Q: If you were to write the story of your life until now, what would you title it? Why? (400-600 words).
Once The 'Me' Fought Its Way Out
Let's go back to the worst of it: the window, the clouds outside, the locked door, my mother knocking while my tears fell, searing against the radiator in the dead of winter. Therapy? What was it good for? Sedatives and antidepressants: what did they do? They numbed the pain. Would I gain anything from the pills: pill after pill after pill? But how much longer could I live thinking with such unrest? When would I just scream? Now, I was crying, but suicide soon? Maybe. The rain didn't help either. Nor did living in suburban New Jersey. But this has become commonplace in neighborhoods such as mine, no? Privileged adolescents grasping at the air for help, even-you can picture the prescription bottles being knocked over, spilling drugs to the floor, clickedy-clack go Xanax and Zoloft capsules. Again, it was that grim. I was pondering a life without this anguish; I was pondering ending it.
Not only did I seek a remedy to cope with this psychological distress, but also did I thirst for the what, why and how of it. I didn't want to relieve the pain any more than I wanted to understand the pain's inner-makings and complexities. What I felt? "It" (which I will continue to refer to my "case" as) will forever go without a diagnosis. Tell me, if institutionally-trained physicians and psychoanalysts galore appear dumbfounded after describing to them furious trains of clashing ideology roaming in chaos in my burning head as reoccurring sensations, then would YOU grasp my experience? Probably not, but would I stop pursuing an explanation for myself? No. I didn't stop.
With that refusal, came an epic dig. I began digging from the outside-in. I dug for some perspective. I dug for my identity trapped within. The apprehension and trepidation that leached to my mental grief and hindered my self-expression began shedding itself the more I exposed my vulnerability and weakness. True to its derivation, once you strip yourself of everything-once you've given into your fears totally-you learn the most about yourself. The "me" was finally in the reach. With an ultimate vulnerability, came my ultimate self-realization. What did I have to hide anymore from a judgmental and discerning audience?
The person (the A.J. that hand-shaking strangers meet and interact with initially) in which the 'me' had been carried in-an obsessively worried, paranoid and confused persona that attempted to fit into modern society-had finally been vanquished allowing the real "ME" to emerge. The me was burying "ME, "and I lived with it, until I started suffocating in the anxiety and paranoia that consumed my day-to-day existence. The "me" struggled to surface, but eventually the "me" emerged in I, and in whom I flourish today.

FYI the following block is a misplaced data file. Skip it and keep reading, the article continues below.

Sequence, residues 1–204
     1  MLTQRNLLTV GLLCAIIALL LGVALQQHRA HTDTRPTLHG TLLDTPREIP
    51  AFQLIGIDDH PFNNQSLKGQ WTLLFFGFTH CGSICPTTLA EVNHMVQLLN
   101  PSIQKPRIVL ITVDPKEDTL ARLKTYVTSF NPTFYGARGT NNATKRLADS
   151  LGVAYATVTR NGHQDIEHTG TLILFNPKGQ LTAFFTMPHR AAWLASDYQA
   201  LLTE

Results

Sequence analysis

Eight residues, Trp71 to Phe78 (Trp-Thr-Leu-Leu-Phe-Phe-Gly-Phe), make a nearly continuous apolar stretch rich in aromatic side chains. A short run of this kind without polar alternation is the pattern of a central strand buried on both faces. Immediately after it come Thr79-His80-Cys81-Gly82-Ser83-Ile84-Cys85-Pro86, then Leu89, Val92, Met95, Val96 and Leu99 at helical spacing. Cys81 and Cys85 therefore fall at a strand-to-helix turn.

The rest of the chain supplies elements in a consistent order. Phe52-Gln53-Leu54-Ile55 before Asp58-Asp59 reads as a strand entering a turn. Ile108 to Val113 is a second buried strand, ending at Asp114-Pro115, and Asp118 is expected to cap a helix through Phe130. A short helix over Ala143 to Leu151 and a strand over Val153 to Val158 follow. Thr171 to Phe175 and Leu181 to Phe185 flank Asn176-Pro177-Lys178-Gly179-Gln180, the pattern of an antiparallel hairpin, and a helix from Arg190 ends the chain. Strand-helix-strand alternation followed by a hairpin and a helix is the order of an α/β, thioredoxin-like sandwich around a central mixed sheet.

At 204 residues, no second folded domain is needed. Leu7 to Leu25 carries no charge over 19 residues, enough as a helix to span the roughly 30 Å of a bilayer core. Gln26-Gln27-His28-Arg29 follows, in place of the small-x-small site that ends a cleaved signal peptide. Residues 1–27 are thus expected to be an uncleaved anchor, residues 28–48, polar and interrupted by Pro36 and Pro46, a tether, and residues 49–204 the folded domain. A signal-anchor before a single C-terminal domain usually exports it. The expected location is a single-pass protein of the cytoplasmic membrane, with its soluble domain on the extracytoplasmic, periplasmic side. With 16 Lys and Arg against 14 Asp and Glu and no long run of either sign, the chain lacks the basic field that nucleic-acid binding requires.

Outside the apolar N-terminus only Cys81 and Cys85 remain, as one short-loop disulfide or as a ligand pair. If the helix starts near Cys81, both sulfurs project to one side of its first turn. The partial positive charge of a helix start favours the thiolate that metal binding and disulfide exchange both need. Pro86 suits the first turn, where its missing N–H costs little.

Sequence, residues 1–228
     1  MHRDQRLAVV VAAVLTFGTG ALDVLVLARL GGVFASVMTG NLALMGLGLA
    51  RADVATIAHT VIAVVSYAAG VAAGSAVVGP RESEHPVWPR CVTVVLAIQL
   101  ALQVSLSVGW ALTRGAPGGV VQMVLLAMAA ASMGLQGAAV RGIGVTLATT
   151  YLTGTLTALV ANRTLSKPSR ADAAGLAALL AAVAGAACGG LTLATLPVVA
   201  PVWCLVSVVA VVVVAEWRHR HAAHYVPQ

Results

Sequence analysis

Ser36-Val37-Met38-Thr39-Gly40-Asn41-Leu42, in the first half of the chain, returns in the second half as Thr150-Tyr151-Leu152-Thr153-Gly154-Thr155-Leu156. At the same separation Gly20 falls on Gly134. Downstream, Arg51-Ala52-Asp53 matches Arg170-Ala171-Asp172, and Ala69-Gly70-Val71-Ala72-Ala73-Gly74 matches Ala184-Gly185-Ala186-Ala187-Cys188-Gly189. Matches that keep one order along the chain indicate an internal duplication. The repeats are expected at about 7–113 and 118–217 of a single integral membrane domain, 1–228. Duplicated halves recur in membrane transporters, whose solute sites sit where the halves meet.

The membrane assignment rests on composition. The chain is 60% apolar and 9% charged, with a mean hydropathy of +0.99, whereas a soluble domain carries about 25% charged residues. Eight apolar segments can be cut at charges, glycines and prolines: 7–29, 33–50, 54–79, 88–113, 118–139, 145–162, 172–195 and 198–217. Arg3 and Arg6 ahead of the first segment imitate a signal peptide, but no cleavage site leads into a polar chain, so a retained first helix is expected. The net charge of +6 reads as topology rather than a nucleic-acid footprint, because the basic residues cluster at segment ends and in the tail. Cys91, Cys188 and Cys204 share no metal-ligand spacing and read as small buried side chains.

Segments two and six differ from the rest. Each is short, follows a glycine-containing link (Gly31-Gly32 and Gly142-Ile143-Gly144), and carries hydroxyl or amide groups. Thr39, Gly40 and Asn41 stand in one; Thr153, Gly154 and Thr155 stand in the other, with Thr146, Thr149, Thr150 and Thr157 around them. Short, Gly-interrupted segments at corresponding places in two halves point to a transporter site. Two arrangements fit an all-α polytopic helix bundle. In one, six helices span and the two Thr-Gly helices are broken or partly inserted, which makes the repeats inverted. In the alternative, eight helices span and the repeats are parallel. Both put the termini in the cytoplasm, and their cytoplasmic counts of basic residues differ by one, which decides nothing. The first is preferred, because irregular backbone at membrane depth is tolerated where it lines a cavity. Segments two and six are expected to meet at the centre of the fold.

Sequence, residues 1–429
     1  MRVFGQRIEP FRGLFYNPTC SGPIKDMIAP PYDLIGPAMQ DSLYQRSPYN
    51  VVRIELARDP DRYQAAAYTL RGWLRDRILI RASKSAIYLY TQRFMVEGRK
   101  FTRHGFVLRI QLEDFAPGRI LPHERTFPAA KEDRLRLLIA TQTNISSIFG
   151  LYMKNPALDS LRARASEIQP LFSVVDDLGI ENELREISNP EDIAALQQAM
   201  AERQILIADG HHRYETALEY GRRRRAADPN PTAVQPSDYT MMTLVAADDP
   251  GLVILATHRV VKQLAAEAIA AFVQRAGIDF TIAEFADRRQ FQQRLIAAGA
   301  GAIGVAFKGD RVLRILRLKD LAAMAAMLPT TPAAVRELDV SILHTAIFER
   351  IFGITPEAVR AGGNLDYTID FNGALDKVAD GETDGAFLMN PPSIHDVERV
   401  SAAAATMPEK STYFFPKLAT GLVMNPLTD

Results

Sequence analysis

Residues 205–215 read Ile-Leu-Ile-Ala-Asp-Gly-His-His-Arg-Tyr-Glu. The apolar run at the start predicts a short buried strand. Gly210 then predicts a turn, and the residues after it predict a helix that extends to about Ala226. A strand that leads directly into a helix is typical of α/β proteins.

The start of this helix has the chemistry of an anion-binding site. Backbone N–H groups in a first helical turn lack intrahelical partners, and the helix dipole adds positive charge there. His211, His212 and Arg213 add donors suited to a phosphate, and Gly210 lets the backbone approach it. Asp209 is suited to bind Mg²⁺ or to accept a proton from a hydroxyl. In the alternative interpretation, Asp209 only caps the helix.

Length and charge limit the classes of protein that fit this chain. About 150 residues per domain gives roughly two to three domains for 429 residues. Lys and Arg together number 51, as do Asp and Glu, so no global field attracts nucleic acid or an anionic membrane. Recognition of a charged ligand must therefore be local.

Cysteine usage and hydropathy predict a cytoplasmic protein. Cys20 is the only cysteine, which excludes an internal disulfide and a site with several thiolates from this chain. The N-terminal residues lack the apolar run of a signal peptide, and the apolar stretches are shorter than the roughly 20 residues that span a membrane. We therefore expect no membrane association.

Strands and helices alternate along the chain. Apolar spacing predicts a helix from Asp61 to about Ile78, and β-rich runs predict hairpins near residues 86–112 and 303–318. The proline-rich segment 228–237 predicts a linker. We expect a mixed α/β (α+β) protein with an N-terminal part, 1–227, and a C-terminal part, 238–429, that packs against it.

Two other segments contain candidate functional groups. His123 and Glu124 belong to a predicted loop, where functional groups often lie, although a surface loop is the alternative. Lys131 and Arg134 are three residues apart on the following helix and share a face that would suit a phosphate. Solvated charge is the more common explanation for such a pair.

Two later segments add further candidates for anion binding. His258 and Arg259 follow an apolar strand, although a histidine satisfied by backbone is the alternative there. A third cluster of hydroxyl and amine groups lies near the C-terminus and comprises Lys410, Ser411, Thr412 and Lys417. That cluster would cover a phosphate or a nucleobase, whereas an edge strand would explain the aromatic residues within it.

Yes, quite a transformation it was. But oh how this transformation took years of my life: dedicated and determined years. The transformation took the energy and informed opinion of countless doctor's, my mother's unwillingness to allow her son this discomfort and my willingness to be embarrassed; to be analyzed and critiqued; to be put down and to be mentally drained and drugged and flip it into a building process: to build a confidence in this person I just recently met for this first time.
And this person walked away from adversity appreciative of the experience: thanking a higher power that "it" happened because without it's harsh timeliness when would have the "me" broken through. The experience has made me all too content in my own skin. This "over-complacency" has me hailing words of criticism and concern onto anything I see or hear as objectionable. I have been called "brutally honest and hurtful" in my writing for a blog. But there is an underlying beauty in this, being that my outspokenness is testament to my new profound self-understanding and self-assurance. So once the "me" fought its way out, I am loud and real and unyielding in expressing my creative ideas. This is my life, now: loud, real, inspired and artful.
-Any criticism would be helpful. Thanks.
The transformation you describe reminds me of something Eckhart Tolle wrote in the intro to the Power of Now -- something about a similar transformation that maybe will resonate with you if you read it.
I think the title is good but that you might come up with something even better if you look at it again later -- the Me had to more than fight it's way out.
The descriptions are excellent; the particular kind of anguish you write about it something that maybe involves parents preoccupied with their careers? Your descriptions are great, and this accomplish something a lot of admission essays don't, which is to actually be good, high-quality writing that is enjoyable for the average person to read. But in what other ways can you be impressive as you try to present yourself well? Can you add a new dimension to this by incorporating discussion of the career that you envision now that the Me has emerged? It is impressive to have a clear vision for the future.